Echocardiography

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echocardiography

[‚ek·ō‚kärd·ē′äg·rə·fē]
(medicine)
A diagnostic technique for the heart that uses a transducer held against the chest to send high-frequency sound waves which pass harmlessly into the heart; as they strike structures within the heart, they are reflected back to the transducer and recorded on an oscilloscope.
McGraw-Hill Dictionary of Scientific & Technical Terms, 6E, Copyright © 2003 by The McGraw-Hill Companies, Inc.
The following article is from The Great Soviet Encyclopedia (1979). It might be outdated or ideologically biased.

Echocardiography

 

a method of examining the heart by means of ultrasound. Echocardiography is based on the recording of ultrasonic waves reflected from the surfaces of heart structures differing in density. Under normal conditions, curves are recorded successively from the walls of the aorta and left atrium, the anterior and posterior cusps of the mitral valve, the interventricular septum, and the posterior wall of the left ventricle.

Echocardiography is used to diagnose acquired and, to a lesser extent, congenital valvular diseases. It helps determine the condition of the cusps and the extent of narrowing of the valve openings; it identifies defects in the septa, large transposed blood vessels, and hypoplasia. Echocardiology is also used to diagnose pericarditis with effusion, tumors, and other abnormal conditions. The procedure is used to measure the volume, wall thickness, and mass of the muscular layer of the left ventricle; the stroke volume; and some other parameters of the blood circulation. By combining echocardiography and ultrasonic scanning one can obtain successive images of heart structures that reflect their dynamics during systole and diastole.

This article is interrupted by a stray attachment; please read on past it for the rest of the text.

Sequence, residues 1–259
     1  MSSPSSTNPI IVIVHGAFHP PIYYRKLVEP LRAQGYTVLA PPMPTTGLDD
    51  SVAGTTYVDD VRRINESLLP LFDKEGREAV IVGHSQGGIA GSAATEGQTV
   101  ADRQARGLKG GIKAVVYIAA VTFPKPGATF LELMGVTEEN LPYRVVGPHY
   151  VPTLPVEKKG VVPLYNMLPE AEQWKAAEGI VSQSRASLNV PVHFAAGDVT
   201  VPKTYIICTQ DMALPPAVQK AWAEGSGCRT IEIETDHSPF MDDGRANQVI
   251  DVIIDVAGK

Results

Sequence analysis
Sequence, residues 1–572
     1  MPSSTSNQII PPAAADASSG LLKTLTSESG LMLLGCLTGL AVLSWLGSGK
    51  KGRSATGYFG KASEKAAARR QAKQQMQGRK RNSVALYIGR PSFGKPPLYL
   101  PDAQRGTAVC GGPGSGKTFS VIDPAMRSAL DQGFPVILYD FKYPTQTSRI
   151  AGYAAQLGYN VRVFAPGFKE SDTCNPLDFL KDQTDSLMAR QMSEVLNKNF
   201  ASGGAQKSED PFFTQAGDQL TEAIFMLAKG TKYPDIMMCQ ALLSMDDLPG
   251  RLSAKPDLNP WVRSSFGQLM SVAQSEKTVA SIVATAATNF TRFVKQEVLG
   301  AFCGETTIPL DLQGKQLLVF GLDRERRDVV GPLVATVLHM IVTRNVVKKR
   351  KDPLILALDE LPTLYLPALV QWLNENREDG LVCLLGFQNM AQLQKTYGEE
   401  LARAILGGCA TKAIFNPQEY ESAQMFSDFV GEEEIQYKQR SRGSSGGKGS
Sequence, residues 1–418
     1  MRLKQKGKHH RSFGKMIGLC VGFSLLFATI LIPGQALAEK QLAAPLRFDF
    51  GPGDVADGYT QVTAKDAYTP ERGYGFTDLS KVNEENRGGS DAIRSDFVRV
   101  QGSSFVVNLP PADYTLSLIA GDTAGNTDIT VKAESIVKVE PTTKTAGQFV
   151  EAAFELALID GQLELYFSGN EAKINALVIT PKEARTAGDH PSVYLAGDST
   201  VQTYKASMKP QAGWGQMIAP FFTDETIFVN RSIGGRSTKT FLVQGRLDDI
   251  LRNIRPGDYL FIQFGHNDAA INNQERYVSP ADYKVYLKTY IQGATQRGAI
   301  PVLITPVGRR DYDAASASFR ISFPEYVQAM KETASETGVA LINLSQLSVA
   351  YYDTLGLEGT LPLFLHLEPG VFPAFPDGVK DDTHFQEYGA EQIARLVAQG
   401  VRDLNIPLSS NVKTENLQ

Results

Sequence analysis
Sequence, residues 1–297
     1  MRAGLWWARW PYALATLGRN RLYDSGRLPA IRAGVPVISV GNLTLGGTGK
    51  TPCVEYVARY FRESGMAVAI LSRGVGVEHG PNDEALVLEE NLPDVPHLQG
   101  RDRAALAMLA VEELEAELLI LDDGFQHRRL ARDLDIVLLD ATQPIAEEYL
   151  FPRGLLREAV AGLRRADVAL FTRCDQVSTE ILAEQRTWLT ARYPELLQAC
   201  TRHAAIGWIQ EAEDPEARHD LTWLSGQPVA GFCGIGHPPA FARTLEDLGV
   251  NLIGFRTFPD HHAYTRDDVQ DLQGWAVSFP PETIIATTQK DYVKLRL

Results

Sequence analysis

REFERENCE

Kardiologiia, 1974, no. 1, pp. 82–86; 1976, no. 6, pp. 15–25.

N. M. MUKHARLIAMOV

The Great Soviet Encyclopedia, 3rd Edition (1970-1979). © 2010 The Gale Group, Inc. All rights reserved.
References in periodicals archive ?
van Dalen et al., "Factors affecting sensitivity and specificity of diagnostic testing: dobutamine stress echocardiography," Journal of the American Society of Echocardiography, vol.
Shapiro, "Utility of dobutamine stress echocardiography as part of the pre-liver transplant evaluation: an evaluation of its efficacy," Clinical Cardiology, vol.
None of our patients developed regional wall motion abnormalities during dobutamine stress echocardiography testing, which is a sensitive and specific method for the detection of myocardial ischemia (16,17).
In the present study, a proportion of PVD patients had increased IMA concentrations at baseline (26%) and 1 h (48%) after exercise testing despite the absence of cardiac ischemia (negative results of dobutamine stress echocardiography testing).
Dobutamine stress echocardiography at 7.5 mg/kg/min using color tissue Doppler imaging M-mode safely predicts reversible dysfunction early after reperfusion in patients with acute myocardial infarction.
Dobutamine stress echocardiography: a sensitive indicator of diminished myocardial function In asymptomatic doxorubicin-treated longterm survivors of childhood cancer.
(14.) Hui L, Leung MR Ha SY, Chau AK, Cheung YE Early detection of left ventricular dysfunction in patients with beta thalassemia major by dobutamine stress echocardiography. Heart 2003; 89: 669-70.
Dobutamine stress echocardiography can be used in order to evaluate hemodynamic performance of the valve in vivo under stress and it is a simple, safe and easily available method (3).
Jude Medical and Carbomedics 21mm aortic prostheses by means of dobutamine stress echocardiography. J Thorac Cardiovasc Surg 1996; 111: 408-15.